Another Big Crop Year?

Apr 14, 2014 PN-CVSWe are having a run of lovely, mild, quiet weather just now: day/night temperatures in the mid- to high-70s/mid-40s, morning coastal low clouds and fog burning off by midday, light breezes. This weather is predicted to last through the weekend, with just the hint of possibility of a rainy front pushing through at the 10-day forecast limit.

Walking through the vineyard yesterday I was struck by how fruitful our Pinot is looking just now. The cluster primordia (seen in the photo above, more in my Twitter/Instagram streams) in the young-vine cane-pruned blocks are enormous, with wings on wings in some cases, mostly two clusters per shoot, and frequently two shoots per bud. It looks like 2012 and 2013 all over again.

A large crop three years in a row would be unprecedented in my experience. I’m <ahem> “interested” to see if the cumulative effect of the past two heavy crops and the very dry conditions December-February lead to massive flowering failure — somehow “worried” is simultaneously too strong and too weak to describe how I really feel.

The Syrah and Tannat are not looking anywhere near as fructiferous as the Pinot at this time, but they are several weeks behind — and the Syrah especially has fooled me before, with the crop ending up much heavier than early-season cluster evaluation led me to expect. I am surprised at how far along the Grenache is this year. At this time its development appears to be between that of the Pinot and the Syrah. Grenache primordia counts are low but they look to end up as really big clusters.

No surprise to me that the Counoise is barely budded out at this time. What really IS a surprise is that the Mourvèdre is behind the Counoise, with only 20% of vines showing even a hint of green. Up to now the Mourvèdre at the Estate has budded out between the Syrah and the Grenache. My only conjecture is that it has been delayed by the dry winter, as the Mourvèdre block is planted on our shallowest soil with the lowest water-holding capacity. I have no idea what this weird timing of bud emergence may mean for either the Grenache or the Mourvèdre this year.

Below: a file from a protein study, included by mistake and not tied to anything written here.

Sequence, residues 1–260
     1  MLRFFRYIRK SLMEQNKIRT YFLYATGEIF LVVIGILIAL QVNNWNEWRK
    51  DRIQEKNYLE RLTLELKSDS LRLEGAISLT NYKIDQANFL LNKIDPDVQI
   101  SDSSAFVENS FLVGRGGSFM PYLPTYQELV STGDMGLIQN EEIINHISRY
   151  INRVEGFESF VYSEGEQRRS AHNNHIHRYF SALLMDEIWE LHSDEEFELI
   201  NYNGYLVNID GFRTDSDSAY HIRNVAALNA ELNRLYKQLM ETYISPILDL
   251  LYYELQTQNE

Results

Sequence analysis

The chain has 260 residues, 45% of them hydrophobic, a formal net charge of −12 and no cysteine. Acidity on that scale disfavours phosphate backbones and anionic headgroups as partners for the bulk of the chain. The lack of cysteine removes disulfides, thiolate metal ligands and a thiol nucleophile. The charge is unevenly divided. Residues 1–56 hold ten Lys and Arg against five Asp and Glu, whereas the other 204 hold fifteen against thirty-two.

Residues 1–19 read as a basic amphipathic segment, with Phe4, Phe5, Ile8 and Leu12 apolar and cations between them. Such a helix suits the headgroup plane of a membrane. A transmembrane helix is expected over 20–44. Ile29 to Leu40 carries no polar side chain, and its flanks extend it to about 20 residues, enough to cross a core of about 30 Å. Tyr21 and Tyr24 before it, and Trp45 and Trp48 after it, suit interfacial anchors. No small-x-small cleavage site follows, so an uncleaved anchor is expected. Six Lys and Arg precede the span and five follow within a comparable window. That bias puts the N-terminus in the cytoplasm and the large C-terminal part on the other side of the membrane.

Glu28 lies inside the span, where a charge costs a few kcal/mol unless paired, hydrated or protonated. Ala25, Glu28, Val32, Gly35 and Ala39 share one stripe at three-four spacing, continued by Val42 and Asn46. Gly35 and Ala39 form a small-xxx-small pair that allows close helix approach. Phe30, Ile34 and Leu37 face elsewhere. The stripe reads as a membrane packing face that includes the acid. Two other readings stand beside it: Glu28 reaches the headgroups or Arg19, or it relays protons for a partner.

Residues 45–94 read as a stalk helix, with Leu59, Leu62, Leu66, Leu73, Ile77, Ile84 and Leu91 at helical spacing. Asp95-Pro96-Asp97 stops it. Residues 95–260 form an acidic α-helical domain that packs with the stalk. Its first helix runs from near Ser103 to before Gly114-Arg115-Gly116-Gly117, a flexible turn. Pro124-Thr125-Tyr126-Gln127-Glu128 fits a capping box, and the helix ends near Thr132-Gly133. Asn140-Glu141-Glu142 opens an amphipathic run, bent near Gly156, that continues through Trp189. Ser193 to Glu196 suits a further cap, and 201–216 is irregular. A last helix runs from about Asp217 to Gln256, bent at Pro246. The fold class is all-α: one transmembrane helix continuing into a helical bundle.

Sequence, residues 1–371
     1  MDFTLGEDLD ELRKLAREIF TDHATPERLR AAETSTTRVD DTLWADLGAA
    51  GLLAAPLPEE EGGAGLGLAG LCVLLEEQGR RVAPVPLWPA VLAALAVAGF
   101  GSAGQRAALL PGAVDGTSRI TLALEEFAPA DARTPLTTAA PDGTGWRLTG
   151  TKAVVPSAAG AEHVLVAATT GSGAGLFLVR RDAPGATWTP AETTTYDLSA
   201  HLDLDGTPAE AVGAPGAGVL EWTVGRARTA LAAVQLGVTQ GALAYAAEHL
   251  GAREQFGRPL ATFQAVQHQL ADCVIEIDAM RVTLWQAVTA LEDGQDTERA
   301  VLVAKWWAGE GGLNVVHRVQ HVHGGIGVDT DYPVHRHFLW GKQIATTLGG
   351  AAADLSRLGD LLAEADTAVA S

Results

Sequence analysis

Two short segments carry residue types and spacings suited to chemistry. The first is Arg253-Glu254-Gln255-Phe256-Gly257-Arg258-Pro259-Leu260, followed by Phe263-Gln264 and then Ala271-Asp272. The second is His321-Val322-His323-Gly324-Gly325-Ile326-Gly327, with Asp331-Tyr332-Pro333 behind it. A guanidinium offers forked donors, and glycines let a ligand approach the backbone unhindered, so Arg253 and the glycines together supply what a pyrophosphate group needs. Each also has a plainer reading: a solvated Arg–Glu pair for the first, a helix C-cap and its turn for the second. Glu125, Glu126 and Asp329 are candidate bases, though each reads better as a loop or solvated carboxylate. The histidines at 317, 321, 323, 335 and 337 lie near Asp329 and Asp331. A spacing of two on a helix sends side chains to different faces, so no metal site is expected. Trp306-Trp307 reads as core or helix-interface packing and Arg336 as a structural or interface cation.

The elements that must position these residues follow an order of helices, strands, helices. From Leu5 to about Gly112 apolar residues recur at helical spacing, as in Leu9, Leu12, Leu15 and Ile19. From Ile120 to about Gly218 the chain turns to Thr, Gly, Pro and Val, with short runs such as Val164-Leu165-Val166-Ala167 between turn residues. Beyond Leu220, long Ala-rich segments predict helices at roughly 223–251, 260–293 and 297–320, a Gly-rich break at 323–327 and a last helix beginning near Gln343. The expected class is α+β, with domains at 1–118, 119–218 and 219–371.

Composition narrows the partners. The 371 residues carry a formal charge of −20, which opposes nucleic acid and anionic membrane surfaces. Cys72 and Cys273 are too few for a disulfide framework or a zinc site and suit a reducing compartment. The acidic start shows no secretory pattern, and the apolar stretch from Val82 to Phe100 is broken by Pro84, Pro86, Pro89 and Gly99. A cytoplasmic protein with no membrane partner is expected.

My grape broker emailed me this morning: “Buyers are in a holding pattern currently because crop has potential again. If everything sets this year, at this point it is looking very similar to last year’s record breaking crop.” The word on the street is that La Crema (owned by Jackson Family Wines, producing 850,000 cases annually) does not plan to renew contracts this year for Pinot here in the North Coast — they are reportedly shifting focus to Oregon — which means there will be that much extra Pinot on the market.

Part of me is hoping for a massive flowering failure. Everywhere else.

Rites of Spring

Mar 14, 2014 View From TopHere we are, a few days into spring, and the vineyard is still looking pretty bare, while the vines in Carneros already have a couple inches of growth on them. The crew finished pruning and tying at our Estate vineyard about a week ago.

The young, cane-pruned Pinot next to the highway has started to pop (this is in the clone 91 “Pommard”): Mar 14, 2014 PN91 …but the rest of the block is still barely woolly. It used to be that the Tannat at the top of the slope was my “canary in the coal mine” indicating budbreak was imminent:

Mar 14, 2014 Tannat Old VineMar 14, 2014 Tannat Young Vine

…but only one vine up the hill — the young, cane-pruned replacement on the right — has popped, while the older vines in the rest of the block look like the vine on the left.